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October 4, 2015

'Jeopardy!' Has a New Genius: Grad Student Surpasses Ken Jennings' High One-Day Total (VIDEO)

by Maggie Furlong, posted Sep 14th 2010 10:30PM

Jeopardy'Jeopardy!' has been plugging along since 1984, winning 28 Emmys and improving cocktail conversations the world over with their interesting trivia tidbits. But on Sept. 14, one smart contestant made history.

Reigning champ and record-breaking winner Ken Jennings has been dethroned as the show's highest one-day winner. Roger Craig, a 33-year-old graduate student from the University of Delaware, now holds that title.

Jennings held the highest one-day record of $75,000 for more than six years; Craig's $77,000 win today puts his two-day total at $114,000. It's still nowhere near Jennings' total lifetime 'Jeopardy!' winnings of over $3 million, but it's definitely a start.

"Breaking Ken Jennings' record is simply amazing," Craig said. "I knew that I had a chance to set the new record going into Final 'Jeopardy!' so I thought what the heck ... I'll go for it."

Craig, who will earn his Ph.D. in computer science this fall, says he grew up watching the show after school in the late '80s, and first tried out for the Teen Tournament when he was a junior in high school, but wasn't selected. He also tried out three times since 2006 before being selected to appear on the Sept. 13 season premiere.

For him, it's all about strategy ... and, admittedly, a little bit about luck: "I made a lot of big wagers on Daily Doubles. I was really confident in certain categories and took advantage of those opportunities to earn as much money as I could ... I lucked out on my first game with a chemistry daily double. My undergrad degree is in bio chem."

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I wonder where in the WORLD these peopl,e that I deem intelligent, come up with the insipid things they talk about in their interviews!!! I am consistently appalled at what they tell...stupid.

September 16 2010 at 11:51 AM Report abuse rate up rate down Reply

Did anyone else catch what he did? He wagered enough to have lost had the other guy bet enough and won. (unless the other guy's total of 10,000 was already after his answer to final jeopardy.

September 15 2010 at 2:11 PM Report abuse rate up rate down Reply
Dee Dee

Jeopardy is won by folks who have memorized a great deal of trivia. This ability does not depend on a high IQ. By the same token, one can be incredibly smart and still not have a clue about boy bands, cooking equipment used for a "pig picking" or the mineral content of hard water. IQ measures our ability to reason and problem solve, not memorize. Most everyone can commit facts to memory. A true genius, Abler Einstein, said, "Never memorize anything you can look up".

September 15 2010 at 1:13 PM Report abuse rate up rate down Reply

I am an avid Jeopardy viewer, since the days when it was hosted by Art Fleming. I share some dislikes of the current format once voiced by the former host on the Tom Synder show, as I remember. One thing Mr. Fleming said was the show could afford to let all the contestants keep what money they win. For the longest time, 2nd and 3rd place got some dumb door prizes instead of money. The show finally allowed $2000 for 2nd place, and $1000 for first place. Funny thing is, if-and this has happened-everybody misses final Jeopardy and the winner has less than a thou, he has the least amount of money, but gets to go on. Fleming also criticized the ridiculously easy answers sometimes given. One he cited was an answer that called for the ?, What is Quebec? The answer stated that the ? was in Canada and began with Q. That's still true.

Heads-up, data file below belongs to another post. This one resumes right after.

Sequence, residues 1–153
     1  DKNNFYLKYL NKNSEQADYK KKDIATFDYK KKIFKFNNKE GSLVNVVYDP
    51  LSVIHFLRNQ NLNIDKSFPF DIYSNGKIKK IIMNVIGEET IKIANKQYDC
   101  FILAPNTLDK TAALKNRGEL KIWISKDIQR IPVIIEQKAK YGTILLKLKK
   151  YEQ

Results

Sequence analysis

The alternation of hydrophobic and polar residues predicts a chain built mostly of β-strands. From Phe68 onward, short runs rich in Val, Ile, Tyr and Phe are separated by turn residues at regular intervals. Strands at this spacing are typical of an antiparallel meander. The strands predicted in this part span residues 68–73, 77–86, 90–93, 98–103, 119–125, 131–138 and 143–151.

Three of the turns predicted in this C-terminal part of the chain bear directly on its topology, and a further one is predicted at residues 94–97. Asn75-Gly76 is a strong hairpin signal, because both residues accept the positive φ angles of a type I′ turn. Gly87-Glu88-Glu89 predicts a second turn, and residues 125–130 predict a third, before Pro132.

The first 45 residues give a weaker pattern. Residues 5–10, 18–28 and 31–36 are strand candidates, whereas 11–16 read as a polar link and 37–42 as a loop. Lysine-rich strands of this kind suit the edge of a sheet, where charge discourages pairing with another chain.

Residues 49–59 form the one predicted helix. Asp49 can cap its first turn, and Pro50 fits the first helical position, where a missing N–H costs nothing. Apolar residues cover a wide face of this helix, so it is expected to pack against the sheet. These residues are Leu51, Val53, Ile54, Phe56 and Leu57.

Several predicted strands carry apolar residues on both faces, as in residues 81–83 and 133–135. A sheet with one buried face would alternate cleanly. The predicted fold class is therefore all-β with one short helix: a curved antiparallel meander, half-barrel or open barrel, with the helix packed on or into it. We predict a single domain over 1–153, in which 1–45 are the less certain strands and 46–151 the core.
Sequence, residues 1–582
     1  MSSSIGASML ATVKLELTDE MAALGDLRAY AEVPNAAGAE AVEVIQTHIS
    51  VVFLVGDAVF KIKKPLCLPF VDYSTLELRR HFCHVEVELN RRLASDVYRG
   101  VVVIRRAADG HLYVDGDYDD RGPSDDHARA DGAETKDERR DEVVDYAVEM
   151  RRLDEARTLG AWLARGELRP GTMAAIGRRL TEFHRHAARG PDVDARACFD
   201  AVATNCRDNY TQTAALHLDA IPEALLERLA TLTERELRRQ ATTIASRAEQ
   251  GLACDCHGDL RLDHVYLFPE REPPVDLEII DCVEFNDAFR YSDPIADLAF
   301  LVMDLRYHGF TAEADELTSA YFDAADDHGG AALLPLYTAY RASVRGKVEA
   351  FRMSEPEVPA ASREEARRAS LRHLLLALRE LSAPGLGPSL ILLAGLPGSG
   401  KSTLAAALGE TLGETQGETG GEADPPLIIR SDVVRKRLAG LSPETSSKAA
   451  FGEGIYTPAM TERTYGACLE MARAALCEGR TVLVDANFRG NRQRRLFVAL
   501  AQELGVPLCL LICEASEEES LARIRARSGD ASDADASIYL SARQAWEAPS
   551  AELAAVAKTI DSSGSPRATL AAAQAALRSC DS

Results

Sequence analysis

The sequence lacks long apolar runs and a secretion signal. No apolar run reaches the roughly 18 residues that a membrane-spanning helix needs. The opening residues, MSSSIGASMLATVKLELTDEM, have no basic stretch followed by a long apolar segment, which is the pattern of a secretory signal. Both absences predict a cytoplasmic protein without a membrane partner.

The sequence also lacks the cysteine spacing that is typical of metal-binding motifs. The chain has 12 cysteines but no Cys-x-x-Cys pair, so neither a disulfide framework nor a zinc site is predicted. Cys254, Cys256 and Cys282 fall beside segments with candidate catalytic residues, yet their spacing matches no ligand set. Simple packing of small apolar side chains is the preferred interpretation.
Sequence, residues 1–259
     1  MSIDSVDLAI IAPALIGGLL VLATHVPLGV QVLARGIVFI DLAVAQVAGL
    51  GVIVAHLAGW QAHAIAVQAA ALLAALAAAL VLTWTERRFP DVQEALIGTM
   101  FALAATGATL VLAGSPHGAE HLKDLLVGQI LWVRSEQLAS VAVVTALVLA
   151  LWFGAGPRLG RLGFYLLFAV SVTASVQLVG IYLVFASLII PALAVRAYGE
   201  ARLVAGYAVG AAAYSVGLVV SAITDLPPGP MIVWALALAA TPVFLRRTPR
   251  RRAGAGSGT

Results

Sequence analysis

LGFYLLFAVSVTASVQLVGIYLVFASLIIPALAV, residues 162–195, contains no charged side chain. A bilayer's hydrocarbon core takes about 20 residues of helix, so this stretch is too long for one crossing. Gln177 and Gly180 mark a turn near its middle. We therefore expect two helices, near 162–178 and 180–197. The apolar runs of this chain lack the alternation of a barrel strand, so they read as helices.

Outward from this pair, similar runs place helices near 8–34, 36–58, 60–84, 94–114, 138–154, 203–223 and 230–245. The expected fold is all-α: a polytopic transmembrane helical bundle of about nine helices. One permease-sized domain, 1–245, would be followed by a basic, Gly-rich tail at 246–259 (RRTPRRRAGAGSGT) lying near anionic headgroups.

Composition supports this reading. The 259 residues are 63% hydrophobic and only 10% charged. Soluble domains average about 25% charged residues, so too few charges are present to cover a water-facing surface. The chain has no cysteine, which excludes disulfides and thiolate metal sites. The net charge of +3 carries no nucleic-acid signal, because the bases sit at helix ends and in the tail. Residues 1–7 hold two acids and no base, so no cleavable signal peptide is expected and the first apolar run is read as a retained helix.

As to the key to winning, you have to assume you'll be able to answer and ring in quickly. Ken Jennings did that a lot, even on categories he shouldn't have known much about. A well-rounded knowledge on a lot of different subjects, and the knowing that a lot of ?'s recur in different forms probably increases your chance of winning on the show.

September 15 2010 at 1:12 PM Report abuse rate up rate down Reply
bon a

How nice to see an intelligent man being reported on instead of T@A, housewiving or crazies or any combination of said three. He is an american idol, he is american talent, and hopefully he fathers a whole gaggle of children and brings them up just as smart.

September 15 2010 at 1:07 PM Report abuse rate up rate down Reply

I also was a Jeopardy contestant, both with Art Fleming in the early '70s & with Alex in '08. Contestants give Alex a choice of topics to discuss with them; the ones he picks are whatever resonates with him. We nerds have a lot in common so of course he'll have something personal to add. It isn't just a quiz show, you do need to read quickly & have fast reactions, and also bet strategically. My gutsy betting won me a nice piece of change but my 58-year-old reaction time did me in against a college phenom in the next game. So it goes.

September 15 2010 at 12:09 PM Report abuse rate up rate down Reply
Shirley Ohman

Every one knows the answers!!!! Contestants have to come up with the question!

September 15 2010 at 12:01 PM Report abuse rate up rate down Reply
Anne K.


September 15 2010 at 11:43 AM Report abuse rate up rate down Reply

Good for him. Alex has to learn how not to talk about his experiences during the chatting section when the contestants talk about themselves. He always manages to take over the conversation and direct it towards his own experiences. Merv must be turning over in his grave every time he does that.

September 15 2010 at 11:40 AM Report abuse rate up rate down Reply

Looks like Ross the Intern from Leno

September 15 2010 at 10:54 AM Report abuse rate up rate down Reply

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